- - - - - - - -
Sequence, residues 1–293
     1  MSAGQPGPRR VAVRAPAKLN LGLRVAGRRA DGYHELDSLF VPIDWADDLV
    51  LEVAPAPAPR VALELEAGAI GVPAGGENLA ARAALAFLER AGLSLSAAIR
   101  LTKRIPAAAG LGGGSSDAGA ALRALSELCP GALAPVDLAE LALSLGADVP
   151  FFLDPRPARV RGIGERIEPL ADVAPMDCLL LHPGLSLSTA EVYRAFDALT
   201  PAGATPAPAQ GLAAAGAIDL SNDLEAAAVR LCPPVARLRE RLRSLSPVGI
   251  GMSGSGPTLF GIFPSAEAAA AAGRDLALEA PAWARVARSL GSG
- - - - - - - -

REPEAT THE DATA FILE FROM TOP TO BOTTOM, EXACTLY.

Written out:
Sequence, residues 1–293
     1  MSAGQPGPRR VAVRAPAKLN LGLRVAGRRA DGYHELDSLF VPIDWADDLV
    51  LEVAPAPAPR VALELEAGAI GVPAGGENLA ARAALAFLER AGLSLSAAIR
   101  LTKRIPAAAG LGGGSSDAGA ALRALSELCP GALAPVDLAE LALSLGADVP
   151  FFLDPRPARV RGIGERIEPL ADVAPMDCLL LHPGLSLSTA EVYRAFDALT
   201  PAGATPAPAQ GLAAAGAIDL SNDLEAAAVR LCPPVARLRE RLRSLSPVGI
   251  GMSGSGPTLF GIFPSAEAAA AAGRDLALEA PAWARVARSL GSG